Analysts say the value of e-commerce in Africa is expected to reach $29 billion next year, yet Africans still find it difficult to make international payments for products online.
Cards, M-Pesa, bank transfer and mobile money, are the most common methods Africans use to make payments. But while various payment gateways have provided better experiences than how things were, say, a decade ago, there's more work to be done.
Klasha, a Lagos and San Francisco-based startup, sees a niche in cross-border commerce and provides multiple integrations and APIs to facilitate transactions in that space. Today, it has raised $2.4 million in seed to scale.
Jessica Anuna founded Klasha in 2018. At the time, the company's focus was to make it easier for African consumers to purchase products directly from global fashion retailers.
But Klasha is more than that now, she tells me. It has several features and a new business model centred around helping Africans make payments and get the goods they want (as long as they aren't perishable), regardless of their location.
Klasha Checkout, which works a lot like Checkout, allows international merchants to collect payments from Africa in local currencies. And unlike Checkout or Fast that only works with international payments methods, Klasha uses what Africans are accustomed to -- bank account, card, USSD, M-Pesa and mobile money.
The checkout solution can be integrated into any e-commerce platform, the company said. It has plugins for big-name e-commerce sites WooCommerce, OpenCart and BigCommerce and is set to sign an official partnership with BigCommerce, extending its reach to more merchants globally.
With KlashaWire, consumers can pay with African currencies: naira, cedis, shillings -- via multiple payments methods, which Klasha then remits to merchants in dominant currencies like the U.S. dollar or euros in two business days.
Its payment links feature supports merchants that don't have storefronts to accept payments by sharing links with customers via email or social media.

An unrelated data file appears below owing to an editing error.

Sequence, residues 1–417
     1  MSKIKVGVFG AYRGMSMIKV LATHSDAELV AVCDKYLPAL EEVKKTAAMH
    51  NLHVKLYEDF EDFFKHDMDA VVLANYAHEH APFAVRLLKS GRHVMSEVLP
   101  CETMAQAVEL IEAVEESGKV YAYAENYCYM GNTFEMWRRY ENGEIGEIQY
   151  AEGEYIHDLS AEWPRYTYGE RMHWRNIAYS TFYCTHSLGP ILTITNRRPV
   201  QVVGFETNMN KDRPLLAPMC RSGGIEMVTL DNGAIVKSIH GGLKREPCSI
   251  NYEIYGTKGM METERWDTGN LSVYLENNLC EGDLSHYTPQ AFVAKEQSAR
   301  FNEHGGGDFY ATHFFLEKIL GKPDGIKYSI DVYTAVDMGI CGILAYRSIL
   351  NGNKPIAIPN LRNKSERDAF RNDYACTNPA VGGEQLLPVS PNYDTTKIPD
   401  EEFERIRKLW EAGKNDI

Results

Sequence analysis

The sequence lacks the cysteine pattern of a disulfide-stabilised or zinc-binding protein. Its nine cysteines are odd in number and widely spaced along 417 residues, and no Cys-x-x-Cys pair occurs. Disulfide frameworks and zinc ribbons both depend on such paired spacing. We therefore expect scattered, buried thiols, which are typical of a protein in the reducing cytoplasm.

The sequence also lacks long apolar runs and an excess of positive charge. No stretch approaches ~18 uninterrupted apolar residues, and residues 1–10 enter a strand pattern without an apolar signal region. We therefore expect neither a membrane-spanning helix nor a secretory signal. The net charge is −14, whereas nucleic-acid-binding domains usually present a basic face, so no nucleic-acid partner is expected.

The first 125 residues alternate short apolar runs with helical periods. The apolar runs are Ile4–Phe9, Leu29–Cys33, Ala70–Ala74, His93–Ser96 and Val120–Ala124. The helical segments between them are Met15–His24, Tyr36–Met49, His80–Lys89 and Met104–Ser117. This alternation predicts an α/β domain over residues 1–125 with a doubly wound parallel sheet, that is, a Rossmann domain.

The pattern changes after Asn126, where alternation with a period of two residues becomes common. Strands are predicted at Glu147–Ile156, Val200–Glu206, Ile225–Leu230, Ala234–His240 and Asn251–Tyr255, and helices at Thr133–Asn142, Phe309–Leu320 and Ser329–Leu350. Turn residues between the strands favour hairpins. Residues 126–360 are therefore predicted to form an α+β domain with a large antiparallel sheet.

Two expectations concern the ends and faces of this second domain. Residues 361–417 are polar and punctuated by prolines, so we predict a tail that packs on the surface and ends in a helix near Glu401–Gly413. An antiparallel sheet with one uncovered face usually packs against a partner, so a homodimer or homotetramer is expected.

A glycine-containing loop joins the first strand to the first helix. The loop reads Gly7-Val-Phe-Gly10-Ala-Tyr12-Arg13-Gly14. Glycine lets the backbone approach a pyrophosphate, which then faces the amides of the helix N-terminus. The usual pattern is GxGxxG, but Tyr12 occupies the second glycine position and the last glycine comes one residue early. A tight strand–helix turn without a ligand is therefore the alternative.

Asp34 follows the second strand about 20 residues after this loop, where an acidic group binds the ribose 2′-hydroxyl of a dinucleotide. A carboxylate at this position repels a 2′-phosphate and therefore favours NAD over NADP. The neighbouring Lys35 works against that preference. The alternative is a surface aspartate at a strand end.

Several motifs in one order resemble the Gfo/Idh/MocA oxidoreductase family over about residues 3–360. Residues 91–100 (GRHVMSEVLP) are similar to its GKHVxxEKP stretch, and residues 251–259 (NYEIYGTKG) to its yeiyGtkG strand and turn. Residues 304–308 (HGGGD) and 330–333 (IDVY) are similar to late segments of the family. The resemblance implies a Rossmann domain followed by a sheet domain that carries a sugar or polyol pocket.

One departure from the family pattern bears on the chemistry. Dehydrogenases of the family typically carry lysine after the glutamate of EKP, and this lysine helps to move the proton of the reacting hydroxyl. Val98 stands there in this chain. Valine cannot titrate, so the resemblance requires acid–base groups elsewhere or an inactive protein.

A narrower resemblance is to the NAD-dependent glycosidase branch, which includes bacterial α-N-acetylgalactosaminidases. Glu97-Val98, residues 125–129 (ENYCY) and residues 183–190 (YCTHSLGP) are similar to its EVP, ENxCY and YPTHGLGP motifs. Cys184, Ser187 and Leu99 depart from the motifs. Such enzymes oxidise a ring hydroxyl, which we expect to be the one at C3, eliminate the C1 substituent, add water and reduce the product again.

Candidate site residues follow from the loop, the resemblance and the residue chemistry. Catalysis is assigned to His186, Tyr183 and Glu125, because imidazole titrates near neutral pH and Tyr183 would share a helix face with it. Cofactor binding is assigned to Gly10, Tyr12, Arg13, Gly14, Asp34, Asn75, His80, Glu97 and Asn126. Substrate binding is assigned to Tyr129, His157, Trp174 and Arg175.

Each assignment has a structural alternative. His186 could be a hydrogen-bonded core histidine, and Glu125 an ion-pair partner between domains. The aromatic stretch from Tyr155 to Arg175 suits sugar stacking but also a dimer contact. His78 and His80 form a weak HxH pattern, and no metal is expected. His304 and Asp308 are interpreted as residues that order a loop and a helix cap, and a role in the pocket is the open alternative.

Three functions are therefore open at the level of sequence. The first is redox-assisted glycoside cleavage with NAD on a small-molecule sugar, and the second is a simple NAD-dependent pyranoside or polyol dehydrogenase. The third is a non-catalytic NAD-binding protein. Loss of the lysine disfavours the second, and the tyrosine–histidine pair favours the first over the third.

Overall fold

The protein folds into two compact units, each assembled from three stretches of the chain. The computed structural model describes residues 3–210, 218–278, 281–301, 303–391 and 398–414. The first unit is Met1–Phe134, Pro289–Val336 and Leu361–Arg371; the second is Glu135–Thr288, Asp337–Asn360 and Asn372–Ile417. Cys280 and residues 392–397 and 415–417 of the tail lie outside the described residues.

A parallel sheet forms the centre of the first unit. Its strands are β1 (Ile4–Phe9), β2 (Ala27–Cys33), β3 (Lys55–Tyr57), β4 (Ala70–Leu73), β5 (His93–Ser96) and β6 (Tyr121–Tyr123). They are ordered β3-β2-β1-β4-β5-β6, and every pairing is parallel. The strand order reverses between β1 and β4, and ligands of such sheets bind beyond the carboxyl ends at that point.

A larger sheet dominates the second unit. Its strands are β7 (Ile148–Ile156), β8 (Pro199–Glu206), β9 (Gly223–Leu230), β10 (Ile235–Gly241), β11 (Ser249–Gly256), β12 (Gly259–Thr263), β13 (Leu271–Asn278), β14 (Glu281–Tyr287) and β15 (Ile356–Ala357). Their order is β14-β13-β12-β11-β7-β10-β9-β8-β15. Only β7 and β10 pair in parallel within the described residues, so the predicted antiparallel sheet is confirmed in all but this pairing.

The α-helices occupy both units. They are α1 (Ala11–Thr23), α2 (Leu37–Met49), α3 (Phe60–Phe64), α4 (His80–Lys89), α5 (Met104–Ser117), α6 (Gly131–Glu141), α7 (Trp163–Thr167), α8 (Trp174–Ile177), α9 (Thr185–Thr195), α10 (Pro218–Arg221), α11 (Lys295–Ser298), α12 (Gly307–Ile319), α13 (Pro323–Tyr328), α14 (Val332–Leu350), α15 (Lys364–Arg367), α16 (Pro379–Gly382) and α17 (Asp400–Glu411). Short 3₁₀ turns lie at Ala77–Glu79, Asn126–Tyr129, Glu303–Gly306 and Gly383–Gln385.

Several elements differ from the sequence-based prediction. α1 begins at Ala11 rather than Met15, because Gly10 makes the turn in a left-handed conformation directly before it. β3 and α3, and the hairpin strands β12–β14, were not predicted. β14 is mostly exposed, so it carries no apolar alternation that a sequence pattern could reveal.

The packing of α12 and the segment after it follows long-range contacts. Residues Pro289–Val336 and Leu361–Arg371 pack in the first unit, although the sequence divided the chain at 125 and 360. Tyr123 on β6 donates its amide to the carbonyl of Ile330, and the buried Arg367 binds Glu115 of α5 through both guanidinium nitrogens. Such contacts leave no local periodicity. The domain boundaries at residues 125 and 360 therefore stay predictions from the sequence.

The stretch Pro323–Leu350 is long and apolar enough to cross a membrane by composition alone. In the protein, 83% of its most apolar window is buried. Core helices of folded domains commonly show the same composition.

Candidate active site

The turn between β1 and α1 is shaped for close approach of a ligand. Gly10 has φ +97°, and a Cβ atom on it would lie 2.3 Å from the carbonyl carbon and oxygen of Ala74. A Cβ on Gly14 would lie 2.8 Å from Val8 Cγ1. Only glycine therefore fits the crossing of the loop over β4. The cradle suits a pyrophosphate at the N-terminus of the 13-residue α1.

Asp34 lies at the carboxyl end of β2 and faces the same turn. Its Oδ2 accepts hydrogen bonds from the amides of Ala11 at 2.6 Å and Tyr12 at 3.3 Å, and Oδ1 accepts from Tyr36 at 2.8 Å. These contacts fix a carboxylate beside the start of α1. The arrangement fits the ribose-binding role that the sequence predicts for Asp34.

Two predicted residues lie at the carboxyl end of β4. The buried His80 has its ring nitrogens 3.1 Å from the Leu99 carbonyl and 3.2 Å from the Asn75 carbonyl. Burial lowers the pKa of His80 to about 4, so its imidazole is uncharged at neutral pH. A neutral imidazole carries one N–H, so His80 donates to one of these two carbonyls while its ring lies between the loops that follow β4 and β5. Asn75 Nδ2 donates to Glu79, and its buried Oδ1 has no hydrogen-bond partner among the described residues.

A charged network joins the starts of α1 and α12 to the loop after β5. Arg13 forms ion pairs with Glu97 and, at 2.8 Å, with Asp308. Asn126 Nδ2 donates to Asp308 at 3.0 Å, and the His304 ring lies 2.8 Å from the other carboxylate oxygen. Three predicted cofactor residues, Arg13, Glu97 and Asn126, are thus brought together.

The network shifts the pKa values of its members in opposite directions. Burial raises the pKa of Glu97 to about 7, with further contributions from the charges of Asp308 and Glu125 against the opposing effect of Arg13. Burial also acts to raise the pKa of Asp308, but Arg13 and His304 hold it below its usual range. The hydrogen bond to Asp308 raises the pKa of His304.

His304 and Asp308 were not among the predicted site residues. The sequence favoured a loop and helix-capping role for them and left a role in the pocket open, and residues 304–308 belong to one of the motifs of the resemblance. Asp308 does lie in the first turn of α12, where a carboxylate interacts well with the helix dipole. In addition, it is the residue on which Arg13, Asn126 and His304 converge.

Next is its mobile application which lets users in Nigeria, Ghana or Kenya send and receive money. They can also create virtual cards and fund them with their respective currencies.
In addition to its payments play, Klasha is into logistics too. Anuna asserts that as Klasha combines both worlds of payments and logistics, it is opening up the global e-commerce economy to consumers in Africa and merchants looking to scale into Africa seamlessly.
"A lot of our merchants have said to us, if we're going to be able to accept payments from Africa, we need a way to seamlessly ship to Africa in a short amount of time and provide the best end to end logistics experience for our consumers. And that's what we've done," remarked the CEO.
According to her, the logistics service helps African customers get their products from Europe or the U.S. in five to nine days, handled via partnerships with third-party logistics providers. On a lighter note, Klasha's time frame is quite laudable compared to industry numbers of up to two weeks.
Image Credits: Klasha
Since Klasha relaunched in May following some iterations, it has processed more than 20,000 transactions and claims to be growing 366% month-on-month. Klasha makes revenue via sales commissions and subscriptions retailers pay to use the platform for analytics to gauge how their products are faring in different markets.
"For a lot of these retailers, this is the first time they've ever sold into Africa before. So we offer a complete end to end e-commerce suite for them as opposed to having to use disjointed services that aren't interconnected with technology," she said.
Klasha’s technology allows for seamless cross-border transactions at a time when Africa is rapidly growing and needs both payment and logistics solutions for online commerce, Alison Lange Engel, a partner at Greycroft, said.
This is the third significant investment the venture capital firm has made in Africa after placing bets on unicorn company Flutterwave and AZA Group -- a fintech company founded and led by Elizabeth Rossiello.
Like Rossiello, Anuna, 29, had industry experience before starting the Techstars-backed Klasha. The chief executive worked at Amazon and Shopify in London and subsequently started a logistics company in China. It was there, while running FMCG exports to the U.K. and U.S. for large wholesalers and suppliers, she figured that merchants in China (Africa's biggest trading partner) needed more efficient ways to receive payments from Nigerian merchants.
The experience opened Anuna's eyes to the world of cross-border trade and payments and this has proved vital in how she has been able to raise venture capital as a solo female founder.
Black female founders get 0.6% of global venture funding. There's no data to depict the situation with African female founders, but if you could paint a picture, it wouldn’t be a pretty one.
But Anuna believes investors are starting to back more female founders, particularly in fintech where recent startup and VC activity have been eye-popping.
Asides from Greycroft, other investors include Seedcamp, Practical VC, Plug and Play, First Fund, 2.12 Angels, MiLA Capital, Berrywood Capital, AVG Basecamp Fund, and Expert Dojo. Angel investors like Joe Cross of Wise and Michael Pennington of Gumtree also invested.
Klasha hopes to use the funds to help retailers such as ASOS, Zara and H&M receive payments from African consumers. With a customer base of 10,000 present in Nigeria, Ghana and Kenya, Klasha plans to expand into three more African countries before the year runs out.